CH,Cl + KHO = CHỊ0 + KCl. Both from their chemical interest and commercial value the alcohols form a prominent group. The word was originally When wood is heated in closed iron retorts charcoal remains, applied to that spirit which is the product of the fermentation and tar, mixed with water containing acetic acid and wood of sugar. But further researches extended the limits of this spirits, passes over into the condenser. When this is again definition, and alcohols are now described by Miller to be distilled from chalk, the “wood naphtha” of commerce is the “ neutral compounds of carbon, hydrogen, and oxygen, which result, which is a mixture of methylic alcohol, methyl acetate, react directly upon the acids in such a manner that water is and certain oily hydrocarbons. This liquid is chiefly used for eliminated, whilst ethers are produced.”
mixing with spirits of wine, to form " methylated spirit,” which They are grouped under three heads-monatomic, diatomic, contains 10 per cent. of wood naphtha, and is permitted by and triatomic alcohols ; that is, alcohols which are formed on Government to be sold free of duty, as a solvent for certain
H) gums, resins, etc., which form varnishes, French polish, etc. the type of one, two, or three molecules of water ; thus 0.
ні To procure wood spirit from wood naphtha an equal volume of
concentrated solution of potash is added, and the mixture is If one atom of the H be replaced by ethyl (C.H.), thus ethyl alcohol, or spirits of wine, is the result. If both atoms of acetate is decomposed, forming potassio acetate and wood spirit.
The surface of the liquid is skimmed to remove any oily matters the H be replaced, we have common ether, 01:0. C,H, which rice. Potassic carbonate is now added, so long as it is plays the part which a monatomic element did in Inorganic dissolved, and the liquid arranges itself into two strata ; the Chemistry, and for this reason is termed a monatomic radical. upper, containing the spirit, is decanted. Calcic chloride is now • The only example of a diatomic radical as yet known is added, with which the spirit forms a compound which is not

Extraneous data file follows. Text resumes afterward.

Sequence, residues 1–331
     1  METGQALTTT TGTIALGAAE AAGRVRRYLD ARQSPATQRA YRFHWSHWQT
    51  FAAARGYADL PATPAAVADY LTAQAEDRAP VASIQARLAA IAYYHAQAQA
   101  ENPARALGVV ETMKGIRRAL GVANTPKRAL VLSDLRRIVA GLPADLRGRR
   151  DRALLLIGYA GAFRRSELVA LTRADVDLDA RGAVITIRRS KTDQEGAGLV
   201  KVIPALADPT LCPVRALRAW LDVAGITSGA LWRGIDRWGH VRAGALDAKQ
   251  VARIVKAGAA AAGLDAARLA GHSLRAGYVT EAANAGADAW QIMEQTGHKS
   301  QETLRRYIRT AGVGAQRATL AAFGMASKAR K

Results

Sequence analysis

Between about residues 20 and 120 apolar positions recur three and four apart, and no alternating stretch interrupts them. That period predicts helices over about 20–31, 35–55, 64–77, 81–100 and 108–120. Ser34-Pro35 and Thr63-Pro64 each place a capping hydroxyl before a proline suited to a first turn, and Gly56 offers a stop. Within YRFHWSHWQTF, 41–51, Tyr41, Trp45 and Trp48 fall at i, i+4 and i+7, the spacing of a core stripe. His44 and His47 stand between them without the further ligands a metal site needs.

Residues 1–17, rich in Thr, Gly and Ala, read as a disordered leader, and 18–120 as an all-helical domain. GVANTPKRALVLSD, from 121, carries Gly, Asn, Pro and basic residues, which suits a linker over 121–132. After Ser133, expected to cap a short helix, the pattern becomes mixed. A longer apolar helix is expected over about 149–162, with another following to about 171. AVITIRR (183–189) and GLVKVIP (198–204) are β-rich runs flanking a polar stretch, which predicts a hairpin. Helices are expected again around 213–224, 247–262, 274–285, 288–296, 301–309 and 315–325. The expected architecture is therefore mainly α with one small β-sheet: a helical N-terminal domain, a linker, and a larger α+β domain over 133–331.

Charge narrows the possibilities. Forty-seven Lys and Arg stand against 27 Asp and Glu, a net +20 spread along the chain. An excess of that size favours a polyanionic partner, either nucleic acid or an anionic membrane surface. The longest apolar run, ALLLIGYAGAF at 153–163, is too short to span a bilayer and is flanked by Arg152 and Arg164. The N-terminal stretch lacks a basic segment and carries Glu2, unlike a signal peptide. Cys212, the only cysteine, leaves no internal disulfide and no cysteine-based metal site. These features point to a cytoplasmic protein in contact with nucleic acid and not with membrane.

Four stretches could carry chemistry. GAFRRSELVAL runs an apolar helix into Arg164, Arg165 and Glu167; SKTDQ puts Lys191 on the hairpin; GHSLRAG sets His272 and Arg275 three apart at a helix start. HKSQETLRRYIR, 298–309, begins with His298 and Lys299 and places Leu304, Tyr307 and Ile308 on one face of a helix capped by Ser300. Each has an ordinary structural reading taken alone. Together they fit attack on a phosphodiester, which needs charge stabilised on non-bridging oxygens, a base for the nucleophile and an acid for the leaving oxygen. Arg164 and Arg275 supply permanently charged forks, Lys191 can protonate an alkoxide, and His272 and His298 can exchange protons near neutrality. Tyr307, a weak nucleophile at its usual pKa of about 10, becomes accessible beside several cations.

decomposed at 100° : hence the mixture is distilled in a waterethylene (C.H.). If this replace H, in its type ; 0,, we bath, by which means everything is driven off save the alcohol, C
and H, series, or ethylene oxide, will be
wine; being soluble in all proportions in water, the mixture has
a less volume than the sum of the volumes of its components. CH:}0., or 2(C,H,0), or C.8.0.
It burns with a non-luminous blue flame into carbonic anhydride An instance of a triad alcohol is furnished by glycerine, and water, furnishing an admirable fuel for the chemist, as the
flame is smokeless and hot. whose composition is founded on the type
Thus When wood spirit is partially oxidised by means of spongy
platinum, formic acid is produced ; thusCH:0, is glycerine.
CH,0 + 0, = CH10, + HO. Monatomic alcohols may be represented by the general formula ALCOHOL, ETHYLIC OR VINIC ALCOHOL, OR SPIRITS OF CyH2n+20. By the following table it will be seen that the
WINE (C,H,O). series is as yet incomplete; further research may supply the SPECIFIC GRAVITY AT 0o = 0.815; BOILING POINT, 78.3o. wanting members :
This substance, which is a product of the fermentation of
grape sugar, is the stimulant in all intoxicating drinks. From For the form of the adjective substantively employed after nichts all such liquors it may be separated by distillation. It invarior etwas, see Sect. XIV. 4.
ably carries with it some essential oil of the plant which has
have “H; } 0,, blycol
, or ethylene alcohol. The other of the distilling. It has many properties in common with spirits of